The same ministers and carers reach out in various ways to the staff and patients at the St Luke’s Hospice (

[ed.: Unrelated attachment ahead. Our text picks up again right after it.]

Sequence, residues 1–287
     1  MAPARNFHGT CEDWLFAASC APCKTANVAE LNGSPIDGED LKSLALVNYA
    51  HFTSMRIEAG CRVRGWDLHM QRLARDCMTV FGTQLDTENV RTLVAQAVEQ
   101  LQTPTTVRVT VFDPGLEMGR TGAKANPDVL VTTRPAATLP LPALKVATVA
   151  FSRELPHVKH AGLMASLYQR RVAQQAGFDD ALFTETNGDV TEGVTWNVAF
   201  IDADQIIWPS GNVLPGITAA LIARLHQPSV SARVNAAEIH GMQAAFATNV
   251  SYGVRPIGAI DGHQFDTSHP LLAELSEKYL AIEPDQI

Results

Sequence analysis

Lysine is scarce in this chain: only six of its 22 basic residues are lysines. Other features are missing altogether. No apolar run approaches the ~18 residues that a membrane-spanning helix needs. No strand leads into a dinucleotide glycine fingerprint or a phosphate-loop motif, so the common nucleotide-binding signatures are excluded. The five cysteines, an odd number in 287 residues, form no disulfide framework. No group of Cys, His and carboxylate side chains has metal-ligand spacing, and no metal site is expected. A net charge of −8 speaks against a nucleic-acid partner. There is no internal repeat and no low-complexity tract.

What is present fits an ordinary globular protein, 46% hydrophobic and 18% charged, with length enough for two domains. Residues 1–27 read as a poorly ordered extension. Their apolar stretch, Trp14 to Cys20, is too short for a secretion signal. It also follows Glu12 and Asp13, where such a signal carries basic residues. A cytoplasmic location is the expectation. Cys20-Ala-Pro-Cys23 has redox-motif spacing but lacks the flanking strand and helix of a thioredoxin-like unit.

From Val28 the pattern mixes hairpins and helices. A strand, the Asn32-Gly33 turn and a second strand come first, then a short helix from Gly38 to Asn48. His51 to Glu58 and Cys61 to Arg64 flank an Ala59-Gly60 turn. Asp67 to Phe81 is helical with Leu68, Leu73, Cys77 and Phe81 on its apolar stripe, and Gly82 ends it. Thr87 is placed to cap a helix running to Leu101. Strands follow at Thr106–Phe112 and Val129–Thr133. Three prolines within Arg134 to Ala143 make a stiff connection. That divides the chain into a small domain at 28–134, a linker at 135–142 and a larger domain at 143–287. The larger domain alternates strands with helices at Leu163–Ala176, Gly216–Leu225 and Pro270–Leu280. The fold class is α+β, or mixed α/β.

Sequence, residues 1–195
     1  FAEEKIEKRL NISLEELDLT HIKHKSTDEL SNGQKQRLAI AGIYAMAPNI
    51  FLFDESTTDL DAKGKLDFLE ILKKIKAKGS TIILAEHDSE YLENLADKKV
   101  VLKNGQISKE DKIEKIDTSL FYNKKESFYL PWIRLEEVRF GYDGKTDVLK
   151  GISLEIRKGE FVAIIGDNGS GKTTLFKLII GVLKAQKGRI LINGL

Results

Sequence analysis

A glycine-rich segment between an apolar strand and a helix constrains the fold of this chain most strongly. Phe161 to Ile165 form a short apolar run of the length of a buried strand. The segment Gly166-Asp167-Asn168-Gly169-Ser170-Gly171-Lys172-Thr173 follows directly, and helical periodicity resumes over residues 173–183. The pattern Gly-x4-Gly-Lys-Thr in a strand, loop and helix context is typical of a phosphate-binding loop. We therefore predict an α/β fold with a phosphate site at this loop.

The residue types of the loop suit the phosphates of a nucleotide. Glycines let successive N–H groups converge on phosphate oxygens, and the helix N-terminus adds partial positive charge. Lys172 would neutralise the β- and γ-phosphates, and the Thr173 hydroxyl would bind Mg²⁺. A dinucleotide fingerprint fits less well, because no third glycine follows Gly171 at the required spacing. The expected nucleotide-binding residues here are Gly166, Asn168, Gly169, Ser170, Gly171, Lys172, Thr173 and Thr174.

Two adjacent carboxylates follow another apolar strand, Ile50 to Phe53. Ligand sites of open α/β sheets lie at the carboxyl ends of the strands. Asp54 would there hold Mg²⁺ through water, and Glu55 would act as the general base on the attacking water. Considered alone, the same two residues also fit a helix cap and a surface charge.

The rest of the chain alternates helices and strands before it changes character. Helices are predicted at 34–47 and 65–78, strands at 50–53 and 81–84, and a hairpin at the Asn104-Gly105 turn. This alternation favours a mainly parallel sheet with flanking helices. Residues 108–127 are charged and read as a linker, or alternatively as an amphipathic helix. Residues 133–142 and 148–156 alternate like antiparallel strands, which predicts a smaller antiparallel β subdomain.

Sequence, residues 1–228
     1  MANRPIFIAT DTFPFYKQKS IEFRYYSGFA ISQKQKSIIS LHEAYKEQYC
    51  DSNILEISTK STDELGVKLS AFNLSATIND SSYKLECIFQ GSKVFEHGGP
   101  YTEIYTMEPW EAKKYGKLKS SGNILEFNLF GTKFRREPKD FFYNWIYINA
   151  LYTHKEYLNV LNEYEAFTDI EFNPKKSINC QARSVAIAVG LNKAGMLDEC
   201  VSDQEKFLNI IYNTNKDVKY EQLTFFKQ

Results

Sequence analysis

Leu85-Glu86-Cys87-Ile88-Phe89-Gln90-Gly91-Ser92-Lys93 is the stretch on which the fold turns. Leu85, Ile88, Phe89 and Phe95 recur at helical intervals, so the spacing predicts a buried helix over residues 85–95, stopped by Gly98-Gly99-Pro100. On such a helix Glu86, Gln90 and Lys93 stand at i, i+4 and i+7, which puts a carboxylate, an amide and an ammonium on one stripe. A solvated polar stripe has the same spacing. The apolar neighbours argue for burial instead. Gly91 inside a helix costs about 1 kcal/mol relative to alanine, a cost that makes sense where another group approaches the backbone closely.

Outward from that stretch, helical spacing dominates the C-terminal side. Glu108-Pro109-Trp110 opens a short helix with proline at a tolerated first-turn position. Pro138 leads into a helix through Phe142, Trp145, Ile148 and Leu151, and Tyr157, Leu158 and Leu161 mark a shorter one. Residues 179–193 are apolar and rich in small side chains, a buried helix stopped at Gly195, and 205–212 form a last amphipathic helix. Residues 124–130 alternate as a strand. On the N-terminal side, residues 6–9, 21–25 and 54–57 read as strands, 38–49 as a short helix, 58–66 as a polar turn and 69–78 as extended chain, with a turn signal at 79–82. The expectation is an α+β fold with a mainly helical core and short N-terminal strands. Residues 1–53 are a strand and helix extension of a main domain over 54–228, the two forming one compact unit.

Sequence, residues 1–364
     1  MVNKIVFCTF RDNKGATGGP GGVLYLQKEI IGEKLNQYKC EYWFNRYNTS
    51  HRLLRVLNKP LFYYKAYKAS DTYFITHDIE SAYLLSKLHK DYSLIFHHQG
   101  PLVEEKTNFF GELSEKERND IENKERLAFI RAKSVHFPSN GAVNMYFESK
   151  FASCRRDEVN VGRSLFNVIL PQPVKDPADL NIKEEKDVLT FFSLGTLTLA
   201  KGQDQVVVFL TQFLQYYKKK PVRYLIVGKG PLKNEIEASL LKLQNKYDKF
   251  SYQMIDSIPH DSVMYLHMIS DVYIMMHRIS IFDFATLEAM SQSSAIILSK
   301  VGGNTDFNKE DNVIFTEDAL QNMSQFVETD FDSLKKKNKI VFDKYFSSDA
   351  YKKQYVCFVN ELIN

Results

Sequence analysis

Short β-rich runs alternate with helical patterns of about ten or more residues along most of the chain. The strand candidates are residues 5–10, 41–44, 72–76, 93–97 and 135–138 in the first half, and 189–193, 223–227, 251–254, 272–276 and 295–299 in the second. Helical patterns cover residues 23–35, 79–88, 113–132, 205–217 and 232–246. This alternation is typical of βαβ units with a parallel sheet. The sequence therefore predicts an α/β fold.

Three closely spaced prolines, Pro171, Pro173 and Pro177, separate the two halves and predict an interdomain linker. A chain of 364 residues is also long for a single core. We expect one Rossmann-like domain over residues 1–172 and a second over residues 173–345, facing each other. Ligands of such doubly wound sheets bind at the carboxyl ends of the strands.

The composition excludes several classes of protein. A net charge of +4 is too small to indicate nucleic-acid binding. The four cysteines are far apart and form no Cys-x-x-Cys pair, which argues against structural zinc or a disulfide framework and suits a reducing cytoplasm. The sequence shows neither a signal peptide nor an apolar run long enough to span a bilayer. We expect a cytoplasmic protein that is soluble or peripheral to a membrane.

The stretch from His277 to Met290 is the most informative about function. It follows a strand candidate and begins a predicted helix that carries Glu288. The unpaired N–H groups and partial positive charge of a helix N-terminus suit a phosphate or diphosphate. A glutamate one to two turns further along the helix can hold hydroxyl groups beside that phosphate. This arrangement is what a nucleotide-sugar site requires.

We enter St Luke’s as hallowed ground, with great reverence for the mystery of death and for the depths of human grief: but we also enter it as a people who try to live the spirituality of the resurrection. The resurrection of Jesus means that you and I can hope in God without fear, without confusion, not considering only the things we see – God’s final word is not found there anymore than it was found in his Son’s sealed tomb. We have glimpsed the other side of Good Friday. We know that Jesus’ last word from the cross isn’t in fact his last word. There are more words to come, crucial words that Jesus will still add to our vocabulary, our story, our community. People can endure the most extraordinary things if they know there’s resurrection, if they know that beyond this life there’s more. We understand resurrection as a process, not just as a one-time event. It’s like an arc, bending toward justice and righteousness. God’s arc for our lives, for each of us is long, sometimes a bit chaotic, usually inexplicable and very often painful. But it bends toward hope. It bends toward life and love. Resurrection literally means to make something right again. Though we are bent, bruised and bloodied by life’s punishment and darkness, broken, battered, God’s love makes us upright once again. Maybe not today. Maybe not tomorrow. But faith in resurrection means that our entire existence is bending toward God. We believe in the resurrection by believing in the possibilities for redemption and reconciliation that happen every day. We believe in the resurrection by making those moments happen. The resurrection is not about believing. It’s about what we do with that belief that makes us as children of the resurrection. This is the spirituality with which we enter the sacred territory of St Luke’s Hospice, bringing the comfort of the Sacraments or just the warmth of human care and contact.